Fri, Dec 16, 2005 - Page 8 News List

We should defend our democracy

By Lee Teng-hui 李登輝

Editor's note: the following text is a translation of a speech made by former president Lee Teng-hui (李登輝) to the Northern Taiwan Society on Sunday.

As everyone is aware, Taiwan's democracy and freedom were not easily won. Nevertheless, it is quite apparent that reactionary foreign political forces do not want to see the Taiwanese have control over their own country.

Ever since the transition of political power from the Chinese Nationalist Party (KMT) to the Democratic Progressive Party (DPP) in 2000, opposition parties have consistently boycotted any laws proposed by the government, regardless of their merit. This sabotage has left the government stranded and has made it almost impossible for this government to achieve anything.

That having been said, even though it is true that this situation has arisen as a result of the opposition's majority in the legislature, we cannot put the blame entirely on their shoulders.

The electorate put their trust in the DPP to take the reins of the country, giving them access to, and control of, all the resources of government. After they won the election, the DPP should have done all they could to work together with the parties they had previously campaigned against, calling on all Taiwanese to give their utmost for the good of the country. Regarding this matter, the DPP has clearly not done very well.

It is not uncommon for the governing party in democratic countries to have a minority in the legislative body. One example of this would be Japan, where the Liberal Democratic Party (LDP) has been in government for a long time despite the fact that it is not the largest party in the Diet. The fact that the LDP doesn't have a majority of seats, however, has not left Japanese politics in the same situation as in Taiwan.

Faced with the same predicament Japan has prevailed where Taiwan has failed. For this reason we believe that the DPP could have done more. Since they came to power they have been busy trying to secure their own factional interests rather than looking for a way to solve the legislative impasse. It is no wonder that the DPP was dealt an unprecedented blow in the recent three-in-one local elections. This defeat did not come from nowhere, and the Taiwanese people had good reason to deal such a blow to the party.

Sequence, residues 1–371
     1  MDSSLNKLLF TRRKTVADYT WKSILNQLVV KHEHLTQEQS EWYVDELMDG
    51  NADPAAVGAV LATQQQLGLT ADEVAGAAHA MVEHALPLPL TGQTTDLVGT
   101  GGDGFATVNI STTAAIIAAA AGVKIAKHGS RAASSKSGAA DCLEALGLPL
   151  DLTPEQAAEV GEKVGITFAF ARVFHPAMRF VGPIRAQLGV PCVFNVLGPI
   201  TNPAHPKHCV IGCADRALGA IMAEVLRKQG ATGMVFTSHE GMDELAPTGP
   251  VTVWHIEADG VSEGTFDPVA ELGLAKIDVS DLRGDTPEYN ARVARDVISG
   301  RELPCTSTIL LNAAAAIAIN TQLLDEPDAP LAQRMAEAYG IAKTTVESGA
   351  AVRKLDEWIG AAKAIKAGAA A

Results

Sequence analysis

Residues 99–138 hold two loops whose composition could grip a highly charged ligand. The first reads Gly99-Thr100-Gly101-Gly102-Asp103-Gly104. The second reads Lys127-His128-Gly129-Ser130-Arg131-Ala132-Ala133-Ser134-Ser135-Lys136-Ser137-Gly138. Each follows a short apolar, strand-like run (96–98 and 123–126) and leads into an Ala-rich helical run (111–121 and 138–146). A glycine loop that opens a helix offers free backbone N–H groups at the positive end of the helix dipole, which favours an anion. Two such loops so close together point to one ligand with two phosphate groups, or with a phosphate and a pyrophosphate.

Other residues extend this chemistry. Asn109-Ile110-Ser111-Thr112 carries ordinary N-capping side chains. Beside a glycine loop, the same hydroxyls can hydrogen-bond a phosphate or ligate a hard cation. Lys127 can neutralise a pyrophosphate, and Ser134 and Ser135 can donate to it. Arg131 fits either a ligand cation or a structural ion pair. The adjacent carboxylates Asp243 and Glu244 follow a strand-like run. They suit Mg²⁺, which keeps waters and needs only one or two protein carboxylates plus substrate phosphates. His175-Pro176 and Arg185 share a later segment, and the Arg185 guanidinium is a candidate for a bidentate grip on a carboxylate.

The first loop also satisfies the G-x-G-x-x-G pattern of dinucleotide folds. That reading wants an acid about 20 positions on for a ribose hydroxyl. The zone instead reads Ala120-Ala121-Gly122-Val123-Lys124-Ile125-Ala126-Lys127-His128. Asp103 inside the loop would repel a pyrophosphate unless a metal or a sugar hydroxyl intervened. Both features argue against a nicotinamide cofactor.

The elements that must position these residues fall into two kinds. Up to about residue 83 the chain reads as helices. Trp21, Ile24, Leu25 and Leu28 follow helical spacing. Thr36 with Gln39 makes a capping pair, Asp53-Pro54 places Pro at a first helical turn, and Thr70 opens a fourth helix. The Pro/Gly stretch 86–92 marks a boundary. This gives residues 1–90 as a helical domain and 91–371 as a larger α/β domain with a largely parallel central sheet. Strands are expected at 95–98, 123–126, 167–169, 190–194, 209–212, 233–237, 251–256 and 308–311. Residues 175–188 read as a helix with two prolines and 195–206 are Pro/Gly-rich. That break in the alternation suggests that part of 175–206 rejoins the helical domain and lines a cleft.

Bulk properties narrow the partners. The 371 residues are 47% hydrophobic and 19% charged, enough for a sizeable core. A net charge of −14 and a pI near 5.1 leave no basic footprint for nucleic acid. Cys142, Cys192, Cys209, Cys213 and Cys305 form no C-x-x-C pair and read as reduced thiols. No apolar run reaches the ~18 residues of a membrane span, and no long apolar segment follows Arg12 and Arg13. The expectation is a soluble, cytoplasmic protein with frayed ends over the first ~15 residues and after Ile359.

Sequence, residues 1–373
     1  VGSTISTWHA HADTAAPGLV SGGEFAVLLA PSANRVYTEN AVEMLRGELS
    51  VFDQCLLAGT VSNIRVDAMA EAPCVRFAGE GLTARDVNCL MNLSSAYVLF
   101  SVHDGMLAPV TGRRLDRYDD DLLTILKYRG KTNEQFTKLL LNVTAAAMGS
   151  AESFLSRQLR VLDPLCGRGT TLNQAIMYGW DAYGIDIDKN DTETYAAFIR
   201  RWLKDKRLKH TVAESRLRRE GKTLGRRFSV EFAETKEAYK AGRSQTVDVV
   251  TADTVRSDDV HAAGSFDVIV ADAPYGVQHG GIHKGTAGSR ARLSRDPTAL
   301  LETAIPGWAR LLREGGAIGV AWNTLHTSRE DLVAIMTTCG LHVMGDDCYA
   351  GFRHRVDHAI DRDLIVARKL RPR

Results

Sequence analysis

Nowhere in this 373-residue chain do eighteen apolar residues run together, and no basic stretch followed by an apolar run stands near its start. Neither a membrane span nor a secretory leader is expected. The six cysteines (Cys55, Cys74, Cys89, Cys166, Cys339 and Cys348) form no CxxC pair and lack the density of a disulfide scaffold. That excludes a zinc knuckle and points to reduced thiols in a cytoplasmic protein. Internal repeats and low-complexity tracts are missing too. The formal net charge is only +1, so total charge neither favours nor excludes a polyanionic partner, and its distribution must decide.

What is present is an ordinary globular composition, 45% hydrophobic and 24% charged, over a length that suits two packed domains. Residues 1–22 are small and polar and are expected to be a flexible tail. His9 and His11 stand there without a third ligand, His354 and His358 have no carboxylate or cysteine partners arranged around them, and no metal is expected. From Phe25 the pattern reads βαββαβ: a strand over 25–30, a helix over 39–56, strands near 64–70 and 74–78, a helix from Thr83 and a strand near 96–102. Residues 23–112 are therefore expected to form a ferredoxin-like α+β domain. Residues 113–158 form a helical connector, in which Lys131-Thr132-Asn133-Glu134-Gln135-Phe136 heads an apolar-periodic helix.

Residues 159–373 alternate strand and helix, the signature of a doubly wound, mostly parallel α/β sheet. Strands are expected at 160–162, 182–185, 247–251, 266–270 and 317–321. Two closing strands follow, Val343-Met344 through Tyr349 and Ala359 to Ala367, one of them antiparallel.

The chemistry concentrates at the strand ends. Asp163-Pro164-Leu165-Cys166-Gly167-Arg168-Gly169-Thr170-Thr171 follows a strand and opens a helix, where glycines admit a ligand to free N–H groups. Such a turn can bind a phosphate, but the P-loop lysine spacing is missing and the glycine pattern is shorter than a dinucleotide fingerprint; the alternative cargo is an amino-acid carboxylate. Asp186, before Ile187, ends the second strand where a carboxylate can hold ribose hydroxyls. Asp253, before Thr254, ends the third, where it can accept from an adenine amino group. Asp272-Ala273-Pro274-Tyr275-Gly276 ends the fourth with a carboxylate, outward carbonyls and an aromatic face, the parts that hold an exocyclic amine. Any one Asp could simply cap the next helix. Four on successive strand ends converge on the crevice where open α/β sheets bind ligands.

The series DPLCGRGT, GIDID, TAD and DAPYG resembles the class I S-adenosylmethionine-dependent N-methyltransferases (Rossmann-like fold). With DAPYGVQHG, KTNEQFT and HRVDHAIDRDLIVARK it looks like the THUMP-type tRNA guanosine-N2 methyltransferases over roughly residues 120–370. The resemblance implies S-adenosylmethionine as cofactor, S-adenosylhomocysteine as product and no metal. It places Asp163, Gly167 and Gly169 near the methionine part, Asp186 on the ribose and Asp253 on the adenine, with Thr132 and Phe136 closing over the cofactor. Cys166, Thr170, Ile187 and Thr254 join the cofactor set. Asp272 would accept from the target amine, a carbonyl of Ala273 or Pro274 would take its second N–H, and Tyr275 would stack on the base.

Since the DPP came to power, they have been saying one thing and doing another, and they have been consistent only in their inconsistency. Over time, the electorate has gradually lost confidence in the DPP.

During last year's legislative elections the DPP campaigned on the issues of the rectification of the national title and the creation of a new constitution. After the election, however, they unexpectedly changed their tune saying that they could not achieve the impossible.

It is clear from this response that they have not really put enough thought into how to make localization a reality, and have sought instead to placate the people with short-sighted policies.

This kind of thinking does not meet the exigencies of the situation. What everyone wants is realistic political policies designed with Taiwan in mind that will pave the way for the kind of future that we want to have.

There are a number of "Taiwan First" policies brought up during election campaigns that the DPP have consistently failed to follow up on. For quite some time now, the party has failed to understand that the people want to see how these localization policies can actually change their lives, tending instead to go round and round in circles spouting abstract slogans.

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